What’s more, Tom Herman has a history of playing down to his level of competition, which is one of the most talked-about trends in betting circles. At the University of Houston, Herman’s Cougars were underdogs five times and they won all of those games. Every last one of them. Gamblers marvel at Herman’s knack for upsets. He is now 12-1 against the spread when his team is not favored, and nine of those ATS wins were outright victories. (TCU and OU being the latest.)
On the other hand, UH was beaten outright by Navy (a seventeen-point underdog), UConn (under ten points), and lost a 22-point expected win against SMU.
Nothing has changed after the move to Austin. Last year they either beat the spread or won outright against favorites West Virginia, Missouri, Oklahoma, Oklahoma State, and Oklahoma, with TCU being the only favorite to cover. However, UT was favored by 13.5 points against Maryland this year and 18 last year. They were forecast to beat Tech by ten last year and lost outright; this year’s Tulsa game had a 22.5-point spread and Texas won by only seven. Those that took the Horns against K-State two weeks ago no doubt felt pretty confident after they roared out to a 19-0 lead, but K-State, an 8.5-point underdog, came damn close to winning outright by outscoring the Longhorns in the second half 15-0.
Maybe Herman has put that flaw behind him. Maybe this year’s loss to the Maryland Terrapins will prove his only hiccup this year, but you can’t help but fret about this team’s remaining games in places like Lubbock and Stillwater. Until Herman proves that he can land the mullets as well as the mighty tarpon on his schedule, talk of Texas being back is premature. And back to where?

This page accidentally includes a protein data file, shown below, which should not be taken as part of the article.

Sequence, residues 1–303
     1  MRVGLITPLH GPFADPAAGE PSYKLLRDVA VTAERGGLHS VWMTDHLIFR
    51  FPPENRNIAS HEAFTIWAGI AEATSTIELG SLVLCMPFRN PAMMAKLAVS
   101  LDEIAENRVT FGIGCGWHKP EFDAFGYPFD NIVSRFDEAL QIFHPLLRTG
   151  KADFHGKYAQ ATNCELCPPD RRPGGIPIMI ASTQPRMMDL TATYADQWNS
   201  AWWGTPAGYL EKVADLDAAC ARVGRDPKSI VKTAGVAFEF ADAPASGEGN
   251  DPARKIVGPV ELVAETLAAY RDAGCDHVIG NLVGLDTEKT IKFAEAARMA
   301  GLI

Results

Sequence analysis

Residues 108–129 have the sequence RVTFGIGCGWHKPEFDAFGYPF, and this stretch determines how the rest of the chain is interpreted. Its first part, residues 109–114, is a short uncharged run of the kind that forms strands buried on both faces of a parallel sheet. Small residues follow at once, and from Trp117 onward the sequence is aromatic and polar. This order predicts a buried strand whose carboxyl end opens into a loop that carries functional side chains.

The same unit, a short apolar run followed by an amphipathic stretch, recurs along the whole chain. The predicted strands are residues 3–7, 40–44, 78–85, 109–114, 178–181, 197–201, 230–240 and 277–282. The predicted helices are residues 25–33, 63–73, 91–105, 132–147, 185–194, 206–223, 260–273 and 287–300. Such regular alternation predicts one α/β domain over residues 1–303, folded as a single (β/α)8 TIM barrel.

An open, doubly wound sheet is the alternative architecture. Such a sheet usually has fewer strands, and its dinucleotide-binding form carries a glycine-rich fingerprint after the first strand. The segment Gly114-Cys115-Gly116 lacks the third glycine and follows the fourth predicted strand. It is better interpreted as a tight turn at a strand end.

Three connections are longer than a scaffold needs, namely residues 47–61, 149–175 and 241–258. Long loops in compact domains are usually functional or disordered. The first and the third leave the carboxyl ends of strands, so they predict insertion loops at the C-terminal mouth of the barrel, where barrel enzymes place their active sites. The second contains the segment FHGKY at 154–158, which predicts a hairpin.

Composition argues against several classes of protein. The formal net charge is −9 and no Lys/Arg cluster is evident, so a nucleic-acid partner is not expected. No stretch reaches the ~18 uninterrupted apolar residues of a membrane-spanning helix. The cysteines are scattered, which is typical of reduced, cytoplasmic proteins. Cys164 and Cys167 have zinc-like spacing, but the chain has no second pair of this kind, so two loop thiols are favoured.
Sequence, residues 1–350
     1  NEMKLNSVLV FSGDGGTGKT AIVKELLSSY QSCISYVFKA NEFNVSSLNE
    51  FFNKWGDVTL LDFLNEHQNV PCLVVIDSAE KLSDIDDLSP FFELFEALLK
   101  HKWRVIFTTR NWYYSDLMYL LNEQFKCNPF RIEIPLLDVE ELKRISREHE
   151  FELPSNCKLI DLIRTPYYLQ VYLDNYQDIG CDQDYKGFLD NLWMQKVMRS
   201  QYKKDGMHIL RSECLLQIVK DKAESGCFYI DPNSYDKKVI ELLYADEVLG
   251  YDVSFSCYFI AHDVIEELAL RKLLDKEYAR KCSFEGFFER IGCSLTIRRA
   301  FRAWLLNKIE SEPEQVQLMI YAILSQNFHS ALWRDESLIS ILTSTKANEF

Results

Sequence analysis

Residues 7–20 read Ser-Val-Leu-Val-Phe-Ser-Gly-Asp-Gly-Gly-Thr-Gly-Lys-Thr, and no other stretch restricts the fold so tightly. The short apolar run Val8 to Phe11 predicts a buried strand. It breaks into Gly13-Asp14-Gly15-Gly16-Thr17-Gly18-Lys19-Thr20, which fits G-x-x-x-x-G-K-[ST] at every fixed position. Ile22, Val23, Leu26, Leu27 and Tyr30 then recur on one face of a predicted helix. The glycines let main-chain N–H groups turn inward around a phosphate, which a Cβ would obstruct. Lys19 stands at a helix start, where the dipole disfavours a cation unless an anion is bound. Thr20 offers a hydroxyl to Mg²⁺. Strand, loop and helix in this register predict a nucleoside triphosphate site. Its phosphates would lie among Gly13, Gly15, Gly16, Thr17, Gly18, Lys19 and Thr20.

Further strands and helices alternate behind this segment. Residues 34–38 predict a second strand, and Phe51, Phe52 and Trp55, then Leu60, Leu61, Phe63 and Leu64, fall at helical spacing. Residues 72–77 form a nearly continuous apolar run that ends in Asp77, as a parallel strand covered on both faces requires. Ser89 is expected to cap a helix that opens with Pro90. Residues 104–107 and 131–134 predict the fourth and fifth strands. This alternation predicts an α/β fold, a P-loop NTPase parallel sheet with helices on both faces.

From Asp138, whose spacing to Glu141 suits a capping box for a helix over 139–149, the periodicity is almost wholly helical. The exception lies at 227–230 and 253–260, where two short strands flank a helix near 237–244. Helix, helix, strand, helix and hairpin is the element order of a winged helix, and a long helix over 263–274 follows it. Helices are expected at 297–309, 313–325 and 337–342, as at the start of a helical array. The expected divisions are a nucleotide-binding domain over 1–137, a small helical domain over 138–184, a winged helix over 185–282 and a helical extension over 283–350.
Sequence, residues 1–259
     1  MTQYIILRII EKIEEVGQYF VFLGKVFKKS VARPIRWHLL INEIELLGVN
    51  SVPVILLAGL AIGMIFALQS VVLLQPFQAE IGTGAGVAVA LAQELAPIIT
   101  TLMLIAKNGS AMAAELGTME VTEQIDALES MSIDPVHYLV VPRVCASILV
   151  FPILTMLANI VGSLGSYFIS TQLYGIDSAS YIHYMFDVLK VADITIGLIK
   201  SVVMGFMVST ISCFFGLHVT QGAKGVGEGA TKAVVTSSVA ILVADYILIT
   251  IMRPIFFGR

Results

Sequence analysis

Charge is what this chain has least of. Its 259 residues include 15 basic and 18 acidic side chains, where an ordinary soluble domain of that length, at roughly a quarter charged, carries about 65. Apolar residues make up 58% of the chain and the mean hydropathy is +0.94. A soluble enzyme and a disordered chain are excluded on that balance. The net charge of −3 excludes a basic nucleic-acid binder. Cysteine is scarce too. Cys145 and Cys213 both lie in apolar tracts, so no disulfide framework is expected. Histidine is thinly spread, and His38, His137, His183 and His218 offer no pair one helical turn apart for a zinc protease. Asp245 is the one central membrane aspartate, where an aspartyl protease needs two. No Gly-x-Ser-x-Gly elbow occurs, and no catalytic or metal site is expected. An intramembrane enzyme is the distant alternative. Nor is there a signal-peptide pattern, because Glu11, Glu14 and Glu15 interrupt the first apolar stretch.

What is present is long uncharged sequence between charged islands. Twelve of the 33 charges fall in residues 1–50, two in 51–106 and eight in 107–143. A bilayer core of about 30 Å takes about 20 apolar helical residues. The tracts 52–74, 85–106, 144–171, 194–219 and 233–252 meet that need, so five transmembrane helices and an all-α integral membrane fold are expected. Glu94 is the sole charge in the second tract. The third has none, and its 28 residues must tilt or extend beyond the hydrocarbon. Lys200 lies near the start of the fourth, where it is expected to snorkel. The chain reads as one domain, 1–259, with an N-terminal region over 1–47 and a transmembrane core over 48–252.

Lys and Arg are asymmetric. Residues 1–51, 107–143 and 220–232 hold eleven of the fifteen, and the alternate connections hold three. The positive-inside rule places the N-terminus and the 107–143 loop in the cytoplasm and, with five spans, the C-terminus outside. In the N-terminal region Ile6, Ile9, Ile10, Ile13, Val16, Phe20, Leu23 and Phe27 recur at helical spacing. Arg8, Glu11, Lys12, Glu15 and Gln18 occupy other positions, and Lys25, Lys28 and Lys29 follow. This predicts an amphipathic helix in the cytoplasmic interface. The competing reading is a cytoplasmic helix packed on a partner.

If you mean back to the level of the earliest Mack Brown teams, those frustrating squads that were brimming with young talent but would find devilishly maddening ways to lose to overmatched non-conference squads like then-terrible Stanford and North Carolina State, well, Herman’s back-to-back losses to Maryland match up uncannily with those defeats, as did his team’s close shaves over Tulsa and Kansas State this year.
Still, as we mentioned, Texas is once again relevant and in the driver’s seat for a conference title. So, yeah, that’s back, in a sense. But those who believe the Horns are now playoff contenders right now and continuing every year henceforth, well, hold on there. Do you really believe this team could line up against Alabama and hold its own? Or even Clemson, Georgia, or Ohio State? That’s where the bar is right now: Alabama alone at the apex, with those three other teams far below at some remote base camp, and then everybody else, trying to rustle up Sherpas and maps to the summit.
It’s early days yet for Herman and the Longhorns, but they have undeniably turned a corner. After all, this time last month, much of the fanbase was predicting a 1-4 start to the season, and with good reason. They looked like hammered crap in their first two games.
Such is life for the college football fan everywhere but Tuscaloosa—one week, you’ll never win again, and the next, you’re talking about hoisting crystal footballs. And that seems to be an especially pertinent lesson for Texas fans. I can remember declaring Texas back when Jerrod Heard set the world on fire against Cal in 2015. Even in a loss, it seemed like things were about to get much better. That was not the case.
I thought the ground had shifted after Charlie Strong’s Longhorns took down the Sooners later that year. It hadn’t.
Texas 50, Notre Dame 47! We’re back! Um, no.
Surely, that close loss to USC early last year was a sign that the 2017 Longhorns had a shot at the conference title! Nope. It was nothing of the dang kind.
Four times bitten, four times shy.